Why Oscar Fish Is Not Eating? 5 Things to Consider

Although Oscars are not known to be particularly picky, they can suddenly become so if there is an underlying problem. If you notice that your Oscar doesn’t want to consume any food, then you need to keep a close eye on him.

The Oscar fish is an omnivorous species of fish and there are many foods that this little guy can eat. A big part of its diet should consist of meat-based foods. Insect larvae, chicken meat, beef heart, carnivore pellets are all good for them.

Small amounts of vegetables and fruits should complement their diet 3-4 times per week. It’s as simple as that but this can quickly become problematic. The problem usually arises when fish keepers provide low-quality foods, overfeed their pet or don’t prepare the food properly.

But your Oscar can also refuse to eat because of a disease or stress-related issues. In this article, we are going to talk about these problems and explain what you can do about them.

Reasons Oscar Fish Refuse to Eat

There could be multiple reasons why oscar fish will stop eating such as environmental change, bad water conditions, stress due to aggressive mates, disease, parasites or they simply don’t like the food you give them.

Keeping an Oscar fish at home can be simple for someone who has a lot of experience. There are some things that are straightforward for them that are not so clear for the beginner. However, sometimes even the more experienced fish keepers fall into one or more of the mistakes we are going to talk about below.

The important thing to understand that providing your fish with a well-balanced diet is sometimes not enough. There are also environmental factors that can affect their health. If they are under a lot of stress, they are going to refuse to eat.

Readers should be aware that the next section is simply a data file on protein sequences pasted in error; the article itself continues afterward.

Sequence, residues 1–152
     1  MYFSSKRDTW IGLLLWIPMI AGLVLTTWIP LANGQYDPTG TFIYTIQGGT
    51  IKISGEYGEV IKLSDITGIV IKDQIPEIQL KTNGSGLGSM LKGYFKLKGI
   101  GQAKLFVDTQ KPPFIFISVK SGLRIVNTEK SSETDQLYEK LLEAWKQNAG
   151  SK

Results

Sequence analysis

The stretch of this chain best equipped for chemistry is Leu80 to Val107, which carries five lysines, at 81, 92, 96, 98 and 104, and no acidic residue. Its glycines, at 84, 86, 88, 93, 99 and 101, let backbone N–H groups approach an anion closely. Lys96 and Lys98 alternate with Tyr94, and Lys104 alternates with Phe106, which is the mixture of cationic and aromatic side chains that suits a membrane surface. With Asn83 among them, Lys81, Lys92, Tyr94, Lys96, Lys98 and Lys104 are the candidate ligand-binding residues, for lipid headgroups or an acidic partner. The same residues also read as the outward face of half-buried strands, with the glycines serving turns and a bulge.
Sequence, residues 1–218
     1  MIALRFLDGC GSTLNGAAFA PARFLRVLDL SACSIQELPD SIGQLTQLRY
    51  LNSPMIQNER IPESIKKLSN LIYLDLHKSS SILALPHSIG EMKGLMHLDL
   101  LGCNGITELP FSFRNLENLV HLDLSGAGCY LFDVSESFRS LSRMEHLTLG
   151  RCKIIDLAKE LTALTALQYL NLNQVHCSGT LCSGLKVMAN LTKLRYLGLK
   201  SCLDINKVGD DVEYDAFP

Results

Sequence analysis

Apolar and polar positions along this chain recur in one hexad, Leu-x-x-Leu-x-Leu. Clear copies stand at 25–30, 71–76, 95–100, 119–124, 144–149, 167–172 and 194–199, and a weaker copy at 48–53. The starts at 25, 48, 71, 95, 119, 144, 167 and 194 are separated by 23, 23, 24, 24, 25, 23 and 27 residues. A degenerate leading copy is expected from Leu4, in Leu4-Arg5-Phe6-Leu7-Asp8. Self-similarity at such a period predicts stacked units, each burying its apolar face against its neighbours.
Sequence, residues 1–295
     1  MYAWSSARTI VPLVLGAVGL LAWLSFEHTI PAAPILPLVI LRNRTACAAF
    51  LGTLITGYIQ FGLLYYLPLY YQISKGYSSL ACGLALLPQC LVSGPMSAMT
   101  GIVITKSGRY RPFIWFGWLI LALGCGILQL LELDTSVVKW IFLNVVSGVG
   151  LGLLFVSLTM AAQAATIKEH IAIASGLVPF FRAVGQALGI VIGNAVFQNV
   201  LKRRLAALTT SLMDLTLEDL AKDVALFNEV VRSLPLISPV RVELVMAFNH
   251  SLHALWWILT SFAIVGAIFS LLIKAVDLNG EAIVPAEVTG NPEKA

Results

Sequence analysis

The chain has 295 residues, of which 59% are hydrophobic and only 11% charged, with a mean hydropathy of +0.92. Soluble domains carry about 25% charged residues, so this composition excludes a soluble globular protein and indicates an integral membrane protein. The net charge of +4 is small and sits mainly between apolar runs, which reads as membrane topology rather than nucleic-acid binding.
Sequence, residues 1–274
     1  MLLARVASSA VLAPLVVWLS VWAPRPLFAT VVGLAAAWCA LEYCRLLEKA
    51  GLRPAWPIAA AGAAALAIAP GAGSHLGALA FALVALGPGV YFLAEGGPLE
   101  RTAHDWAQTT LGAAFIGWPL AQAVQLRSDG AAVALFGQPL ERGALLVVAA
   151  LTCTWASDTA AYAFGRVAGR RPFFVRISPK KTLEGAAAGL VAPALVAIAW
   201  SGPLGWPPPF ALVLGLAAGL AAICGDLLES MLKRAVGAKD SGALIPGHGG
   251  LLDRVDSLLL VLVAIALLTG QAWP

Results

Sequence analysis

The same can be caused by other types of unease such as diseases or parasites. Now let’s see what are the main factors that can affect the diet of your Oscar.

New Environment

Unfortunately, your fish is not going to feel at home right after you bring him home from the pet store. He needs time to adapt to the new environment. Even if you did your best to set up the perfect tank for your Oscar, it is going to be a stressful experience for him in the first few days.

It is completely normal if your fish doesn’t want to eat until he gets accustomed to the aquarium. Out in the wild, wandering to unexplored underwater areas means that there can be various threats. There can be predators lurking, looking to catch those fish off-guard.

Over time, your Oscar will realize that there is nothing to be afraid of and that it’s his own safe territory. Meanwhile, you can try to feed him and collect the leftover foods afterward if he still refuses to eat.

Don’t like the Food

We can’t stress enough how important it is to feed your Oscar with high-quality foods. If even your pet knows that it’s bad, then you can only imagine how bad that food actually is. There are plenty of cheap commercially made foods that we would not recommend feeding to an Oscar.